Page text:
Further Musings on Serendipity

Remember that previous post on serendipity?

After attending the Women in Fund Management panel last Friday at noon at the Commonwealth Club of California, I really have an answer.

Guess what they said.  Yes, you guessed it.  Five women on the panel all basically said the same thing.  Serendipity.  Not that “sit and wait for it” kind like a “shrinking violet” kind of serendipity or a whining loser, but the actively seek it and “live life all the way out to your fingertips” kind of making your own serendipity.

I was also called “scrappy” recently.  Scrappy as in “I want it and am gonna be up front about it and make it known that I want it.”  There are many connotations for scrappy, but in this case I am referring to “aggressive” and “full of fighting spirit” scrappy.

What does scrappy have to do with serendipity? Scrappiness has everything to do with creating your own serendipity. It is a healthy alternative to whining. Scrappiness is “no holds barred” passion and “full speed ahead” serendipity making.  It is decisive, directed, focused and forceful. Not to mention, compelling and seductive to those who tire of witnessing a world full of people living half-lives of potential.

What’s the alternative?  The omnipresent malaise, blaming, desperation, whining, and victim looping that our culture is locked in right now.  It’s everywhere.  Pulling the economy down, bringing everyone emotionally down.  That doesn’t sound like the kind of optimism that will pull us out of the worldwide malaise.

In Spanish, the other word I keep hearing is virguenza as in, “¿y no tienes virguenza?” Virguenza is shame.  No, I am unashamedly, unabashedly pursuing serendipity.  What is the point of being ashamed to ask for what you want?  What is the point of timidly waiting until there is silence?

It’s harder than it sounds.  Women are socialized to wait politely. There was a man at that talk, too. After the talk, while women were gingerly approaching the podium, he made a beeline for the podium and requested each presenter’s business card. After an hour of talking about how so many women shrink from risks, the presenters had the grace to seek out the women who were politely hanging back.  But the observation was not lost on me.  If I really passionately want, not as in “could be OK with,” but instead as in “nothing short of this will do,” I have to show that kind of focus.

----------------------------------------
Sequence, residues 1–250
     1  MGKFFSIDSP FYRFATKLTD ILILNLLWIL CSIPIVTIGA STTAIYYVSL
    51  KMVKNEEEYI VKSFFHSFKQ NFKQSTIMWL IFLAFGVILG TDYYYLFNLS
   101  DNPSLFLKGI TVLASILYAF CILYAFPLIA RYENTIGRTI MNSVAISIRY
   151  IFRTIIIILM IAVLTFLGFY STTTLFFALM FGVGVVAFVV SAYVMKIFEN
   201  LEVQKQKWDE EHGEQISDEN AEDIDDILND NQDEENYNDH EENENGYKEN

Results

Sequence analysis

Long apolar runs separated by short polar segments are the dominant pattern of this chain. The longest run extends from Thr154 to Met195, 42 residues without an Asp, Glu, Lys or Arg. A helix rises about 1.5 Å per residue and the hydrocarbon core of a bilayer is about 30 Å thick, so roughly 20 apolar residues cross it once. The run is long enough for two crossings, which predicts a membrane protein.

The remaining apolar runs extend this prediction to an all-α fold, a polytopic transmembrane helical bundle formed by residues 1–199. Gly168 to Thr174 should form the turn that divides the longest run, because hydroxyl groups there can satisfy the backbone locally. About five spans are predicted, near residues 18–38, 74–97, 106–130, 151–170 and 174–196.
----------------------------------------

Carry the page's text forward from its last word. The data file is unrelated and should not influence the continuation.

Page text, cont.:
In trying to find the words to describe this, I found an actual definition for beelining apropos to conversation on serendipity.

“When a forager bee finds a source of nectar it returns to the hive and communicates its location.” http://www.phrases.org.uk/meanings/make-a-beeline-for.html

The metaphor is highly relevant to serendipity.  When one finds their passion in life, one communicates it.  They indeed exude it out of every pore-it is unmistakable. We have a “waggle dance” called job searching.  Complicated and elaborate, time consuming and confusing, but this dance is essential to communicate important information what we want in a job (and for them to know that there is indeed a match between their needs and not just our abilities, but also our strengths) so that we are “able to fly directly to the source of the nectar.”

I would argue that the nectar is “the good life.”  Not just money, but truly doing something you love for an appropriately rewarding compensation package.

Note that I did not say “volunteering,” “paying to play,” or “taking a vow of poverty,” but instead working for an appropriately rewarding compensation package.  That’s where the “money isn’t everything” comes in.  But it is also a recognition that if you know what you want so intimately, you can also know what needs to be done to make it pay what you need to be happy.

Does this level of intimacy have risks?  Of course it does. The greatest risk requires the courage to think the unthinkable, speak the unspeakable, and to embrace the derision of those who would undermine your happiness (including any psychological demons aka negative tapes in one’s head). With the greatest risk comes the greatest reward.

And since succumbing to the worldwide worrywarting is not a productive or pretty picture, I choose to pursue that serendipity post haste.  I’ve got some scrappy serendipity-making to do, without virguenza/shame, to take the risks and make a bee line for what I really want.


About Shelly Crouse-Monarez

Violin Performer and Mentor
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